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UK tax gap remains at 4.8%

HM Revenue and Customs (HMRC) revealed in June that the estimated tax gap has stayed at 4.8% for the 2021–2022 tax year, the same as the revised figure for 2020–2021.

Published annually, the Measuring Tax Gaps report analyses the difference between the amount of tax HMRC expected to take and the amount of tax actually paid.

While the headline figure shows the tax gap hasn’t changed in percentage terms, in monetary terms, the difference has increased from £31 billion the year before to £35.8 billion in 2021–2022.

The tax gap percentage has likely remained stable despite the monetary difference because tax liabilities also rose from £643 billion the previous year to £739 billion, in turn likely due to inflation and fiscal drag.

Overall, the tax gap has been gradually falling over the years from 7.5% in 2005, as the government has continued to adjust policies to address the tax evasion, criminal activity, and general carelessness that contribute to it.

Here’s what the latest figures reveal about what’s causing the tax gap, and what this could mean for businesses and self-employed individuals.

What are the main causes of the tax gap?

When analysing the gap by tax type, Income Tax, National Insurance, and Capital Gains Tax all make up 35% of the total (£12.7 billion). Around 3% of these taxes went unpaid, a figure which is more or less stable, as it has fluctuated between 2.9%–3.6% since 2016–2017.

Corporation Tax makes up the next largest component of the total gap at 30% (£10.6 billion), with revised estimates based on new data showing that this 13% tax gap is at its highest since 2005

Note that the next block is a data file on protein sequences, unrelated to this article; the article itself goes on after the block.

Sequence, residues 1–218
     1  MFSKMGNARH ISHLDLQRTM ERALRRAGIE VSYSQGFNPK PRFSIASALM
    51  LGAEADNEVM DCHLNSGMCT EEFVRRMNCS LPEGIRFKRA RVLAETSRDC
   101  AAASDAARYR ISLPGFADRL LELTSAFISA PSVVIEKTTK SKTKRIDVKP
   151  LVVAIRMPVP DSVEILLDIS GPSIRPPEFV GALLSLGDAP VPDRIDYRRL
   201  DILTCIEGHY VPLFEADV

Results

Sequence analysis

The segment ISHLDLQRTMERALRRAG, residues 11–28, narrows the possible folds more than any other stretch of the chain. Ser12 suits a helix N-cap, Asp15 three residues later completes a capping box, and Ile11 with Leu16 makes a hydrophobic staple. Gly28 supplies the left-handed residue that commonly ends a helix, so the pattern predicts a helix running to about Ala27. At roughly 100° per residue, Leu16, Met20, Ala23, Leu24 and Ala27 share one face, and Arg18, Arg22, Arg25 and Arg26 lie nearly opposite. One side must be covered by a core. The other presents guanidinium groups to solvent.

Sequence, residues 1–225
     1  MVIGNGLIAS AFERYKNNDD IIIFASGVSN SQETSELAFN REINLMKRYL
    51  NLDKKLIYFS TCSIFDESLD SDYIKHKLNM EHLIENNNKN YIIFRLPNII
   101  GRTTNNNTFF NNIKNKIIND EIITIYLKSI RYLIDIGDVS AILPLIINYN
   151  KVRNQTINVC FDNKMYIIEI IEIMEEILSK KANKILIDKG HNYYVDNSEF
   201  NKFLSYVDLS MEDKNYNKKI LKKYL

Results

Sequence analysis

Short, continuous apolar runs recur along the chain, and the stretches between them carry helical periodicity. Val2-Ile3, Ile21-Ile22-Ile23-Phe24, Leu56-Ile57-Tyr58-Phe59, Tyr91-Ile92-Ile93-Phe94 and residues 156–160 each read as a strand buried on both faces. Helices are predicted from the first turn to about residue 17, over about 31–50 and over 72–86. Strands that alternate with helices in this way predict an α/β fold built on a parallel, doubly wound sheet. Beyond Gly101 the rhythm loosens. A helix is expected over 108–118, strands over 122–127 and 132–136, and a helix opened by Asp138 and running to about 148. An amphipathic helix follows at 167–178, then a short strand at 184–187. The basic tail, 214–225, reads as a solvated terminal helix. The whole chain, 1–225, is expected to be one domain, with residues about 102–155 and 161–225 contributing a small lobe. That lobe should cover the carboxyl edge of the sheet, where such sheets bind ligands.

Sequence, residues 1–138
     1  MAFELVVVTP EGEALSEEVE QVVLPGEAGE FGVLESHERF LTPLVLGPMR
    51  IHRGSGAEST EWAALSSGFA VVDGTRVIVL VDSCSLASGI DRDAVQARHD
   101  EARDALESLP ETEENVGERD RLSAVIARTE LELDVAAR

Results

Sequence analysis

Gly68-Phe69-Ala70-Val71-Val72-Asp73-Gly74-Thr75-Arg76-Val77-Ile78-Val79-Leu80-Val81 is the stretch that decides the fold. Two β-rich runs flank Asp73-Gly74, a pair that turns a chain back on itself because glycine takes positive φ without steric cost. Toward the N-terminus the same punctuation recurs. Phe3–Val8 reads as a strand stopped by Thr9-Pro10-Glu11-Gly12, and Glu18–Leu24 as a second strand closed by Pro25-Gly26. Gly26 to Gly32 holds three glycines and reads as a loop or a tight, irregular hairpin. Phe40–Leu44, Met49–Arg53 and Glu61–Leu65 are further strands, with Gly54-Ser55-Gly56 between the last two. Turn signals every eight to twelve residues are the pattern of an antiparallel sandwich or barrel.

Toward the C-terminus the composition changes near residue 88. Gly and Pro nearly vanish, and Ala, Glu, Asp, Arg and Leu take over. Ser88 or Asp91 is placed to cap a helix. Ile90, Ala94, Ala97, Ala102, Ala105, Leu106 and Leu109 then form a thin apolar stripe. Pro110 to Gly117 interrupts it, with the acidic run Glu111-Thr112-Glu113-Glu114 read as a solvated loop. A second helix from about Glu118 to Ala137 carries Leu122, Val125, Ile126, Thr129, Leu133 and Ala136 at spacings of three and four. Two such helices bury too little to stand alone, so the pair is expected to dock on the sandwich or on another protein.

and has been steadily increasing since 2011–2012.

While the tax gap has increased for all other groups from 2020–2021, reflecting larger overall tax liabilities, Excise Duty is the only tax to show a reduction in both percentage terms and real terms – down from 7.7%
and £3.8 billion to 6.1% and £3.4 billion.

The VAT gap is up 0.4% and £1.3 billion
from the previous year, but it has decreased significantly since 2005–2006, falling from 14% and £11.9 billion down to 5.4% and £7.6 billion in 2021–2022.

Who is contributing to the tax gap?

When analysed by customer group, small businesses represent the largest component of the total at 56% (£20.2 billion). Criminals, large businesses, and mid-sized businesses follow with 11%
each (respectively £4.1 billion, £3.9 billion, and £3.8 billion).

Wealthy individuals are responsible for 5% (£1.7 billion) of the tax gap, while all other individuals contribute to the remaining 6% (£2.1 billion).

These figures mostly held steady from the previous year, with small percentage decreases for large businesses and criminals.

When it comes to behaviours contributing to the tax gap, failure to take reasonable care is the largest factor at 30%, followed by error at 15% and evasion at 13%.